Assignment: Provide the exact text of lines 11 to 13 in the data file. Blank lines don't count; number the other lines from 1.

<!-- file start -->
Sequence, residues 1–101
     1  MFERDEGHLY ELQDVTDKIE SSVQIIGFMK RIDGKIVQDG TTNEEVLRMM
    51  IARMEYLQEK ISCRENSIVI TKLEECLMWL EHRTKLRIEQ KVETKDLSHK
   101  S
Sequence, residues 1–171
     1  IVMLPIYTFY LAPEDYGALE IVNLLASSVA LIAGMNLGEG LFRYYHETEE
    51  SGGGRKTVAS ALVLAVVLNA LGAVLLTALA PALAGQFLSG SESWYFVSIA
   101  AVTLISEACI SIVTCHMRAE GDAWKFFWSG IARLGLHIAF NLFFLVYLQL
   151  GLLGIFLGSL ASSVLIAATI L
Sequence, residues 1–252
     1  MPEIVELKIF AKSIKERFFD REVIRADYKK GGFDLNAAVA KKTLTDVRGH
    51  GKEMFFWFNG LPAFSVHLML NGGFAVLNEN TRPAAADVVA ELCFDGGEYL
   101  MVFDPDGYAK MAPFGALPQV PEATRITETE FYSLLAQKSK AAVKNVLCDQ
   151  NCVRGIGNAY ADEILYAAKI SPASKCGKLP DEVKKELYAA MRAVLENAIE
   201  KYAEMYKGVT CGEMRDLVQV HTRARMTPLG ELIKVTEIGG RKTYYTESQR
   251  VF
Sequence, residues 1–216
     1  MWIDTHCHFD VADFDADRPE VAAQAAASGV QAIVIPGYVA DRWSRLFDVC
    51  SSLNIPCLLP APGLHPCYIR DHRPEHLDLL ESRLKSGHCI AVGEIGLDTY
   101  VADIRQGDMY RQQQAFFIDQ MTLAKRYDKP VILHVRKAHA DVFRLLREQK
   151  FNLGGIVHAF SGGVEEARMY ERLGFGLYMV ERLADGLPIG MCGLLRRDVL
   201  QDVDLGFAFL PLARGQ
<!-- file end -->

     1  MPEIVELKIF AKSIKERFFD REVIRADYKK GGFDLNAAVA KKTLTDVRGH
    51  GKEMFFWFNG LPAFSVHLML NGGFAVLNEN TRPAAADVVA ELCFDGGEYL
   101  MVFDPDGYAK MAPFGALPQV PEATRITETE FYSLLAQKSK AAVKNVLCDQ